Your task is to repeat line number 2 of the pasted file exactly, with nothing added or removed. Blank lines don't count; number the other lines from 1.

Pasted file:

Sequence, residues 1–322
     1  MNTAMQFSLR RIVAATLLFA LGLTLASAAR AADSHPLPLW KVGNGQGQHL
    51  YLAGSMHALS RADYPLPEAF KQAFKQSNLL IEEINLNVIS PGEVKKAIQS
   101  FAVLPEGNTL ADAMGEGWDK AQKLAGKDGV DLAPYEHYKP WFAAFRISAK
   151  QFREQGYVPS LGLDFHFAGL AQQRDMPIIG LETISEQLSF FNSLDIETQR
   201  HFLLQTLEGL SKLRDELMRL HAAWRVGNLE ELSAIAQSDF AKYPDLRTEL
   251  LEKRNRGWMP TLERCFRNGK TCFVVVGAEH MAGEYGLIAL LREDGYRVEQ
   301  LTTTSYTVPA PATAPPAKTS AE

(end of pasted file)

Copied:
     1  MNTAMQFSLR RIVAATLLFA LGLTLASAAR AADSHPLPLW KVGNGQGQHL